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Sweet Potato the Healthiest Potato

The potato, being low in cholesterol and saturated fat, is considered by many nutritionists to be good for our heart health. But as we all know, things are never that simple. What if you were told that this common place dinner vegetable is increasing cardiovascular disease for most of us?

In the US, potatoes are usually consumed in the fried, roasted, baked, mashed and microwaved form. And all these forms, despite being defined as complex carbohydrates, are characterised by a high glycemic index (a measure of how high our blood sugar levels increase after consumption). High glycemic index carbs raise our levels of the highly atherogenic small particle LDL cholesterol as well as increasing triglycerides, a recognized risk factor for heart disease. They do not look like the ingredients we want for heart health. Hence, it is hardly surprising that high glycemic index carbohydrates are associated with increased incidence of coronary events such as heart attacks. Compare this with the real heart healthy whole-grains, which do not negatively affect our lipid profiles, thus being seemingly cardio protective.

And the story does not stop there. These high glycemic index carbohydrates are also associated with diabetes. In women, just one serving of potato a day can increase the risk of developing type 2 diabetes by 18%. Replace whole-grains in your diet with potatoes and the risk of type 2 diabetes increases to a hefty 30%.

So should that mean we strike the potato resolutely off the menu? Well, probably not. Potatoes are a valuable source of magnesium, potassium, vitamins B and C, which are often low in the diet. Compared to the likes of white rice and pasta, this nutritional offering does not appear too bad. But the lesser of two evils is hardly an endorsement. But, if we change our cooking routines from the fried, baked, mashed etc. to boiling and use less mature potato varieties, which is more common practice in Europe than North America, then we remove the potato from the unhealthy high glycemic index range. Include other meal components, such as meat and vegetables, and these sources of protein and fibre will decrease the overall glycemic load of the meal, reducing the potato’s blood sugar raising effects. Another option is allowing potatoes to cool, as in potato salad, which crystallises the starch and lowers the glycemic index.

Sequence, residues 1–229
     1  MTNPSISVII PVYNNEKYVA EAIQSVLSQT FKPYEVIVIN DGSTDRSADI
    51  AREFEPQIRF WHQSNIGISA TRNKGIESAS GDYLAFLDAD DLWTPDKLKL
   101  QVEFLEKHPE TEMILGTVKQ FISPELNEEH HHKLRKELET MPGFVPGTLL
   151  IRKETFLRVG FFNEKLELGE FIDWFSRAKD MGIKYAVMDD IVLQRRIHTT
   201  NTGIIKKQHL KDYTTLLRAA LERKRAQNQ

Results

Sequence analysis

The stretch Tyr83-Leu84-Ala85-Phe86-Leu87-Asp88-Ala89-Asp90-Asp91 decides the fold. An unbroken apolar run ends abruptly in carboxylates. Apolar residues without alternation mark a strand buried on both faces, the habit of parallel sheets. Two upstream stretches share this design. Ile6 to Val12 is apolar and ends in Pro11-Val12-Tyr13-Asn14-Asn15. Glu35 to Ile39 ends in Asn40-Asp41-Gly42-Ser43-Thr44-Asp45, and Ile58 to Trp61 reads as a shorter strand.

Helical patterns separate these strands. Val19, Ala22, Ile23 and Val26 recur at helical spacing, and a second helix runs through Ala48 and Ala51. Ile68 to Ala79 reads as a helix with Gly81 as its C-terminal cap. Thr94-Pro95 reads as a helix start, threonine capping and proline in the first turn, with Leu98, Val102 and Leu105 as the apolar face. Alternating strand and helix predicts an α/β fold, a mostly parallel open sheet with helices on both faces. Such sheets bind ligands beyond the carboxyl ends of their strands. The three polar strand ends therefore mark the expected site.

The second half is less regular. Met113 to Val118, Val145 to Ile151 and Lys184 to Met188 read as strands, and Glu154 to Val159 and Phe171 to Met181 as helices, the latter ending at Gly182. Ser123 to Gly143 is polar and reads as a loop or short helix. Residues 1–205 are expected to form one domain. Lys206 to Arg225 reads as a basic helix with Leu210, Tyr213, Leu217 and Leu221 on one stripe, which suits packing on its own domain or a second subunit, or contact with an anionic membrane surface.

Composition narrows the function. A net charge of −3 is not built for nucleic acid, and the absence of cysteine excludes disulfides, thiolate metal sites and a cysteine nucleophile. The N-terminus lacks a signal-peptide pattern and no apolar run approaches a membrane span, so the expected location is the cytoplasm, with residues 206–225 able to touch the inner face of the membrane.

What is perhaps yet better, though, is to focus our attention on the healthier alternative, the sweet potato. Even with different cooking techniques sweet potatoes present a medium to low glycemic index food source, so the increased risk of heart disease and diabetes doesn’t occur. The fact is that the Japanese have been consuming sweet potatoes for years to reduce their risk of diabetes. They are also rich in nutrients like fibre, beta-carotene, poly-phenols and vitamins B and C. Moreover, they happen to be one of the few low fat foods to naturally provide vitamin E. Their inclusion in the diet appears to be so beneficial that they have been endorsed by bodies as prestigious as the American Heart Association, the American Cancer Society and the Center for Science in the Public Interest, among others.

Where to Find Related Information: The World’s Healthiest Foods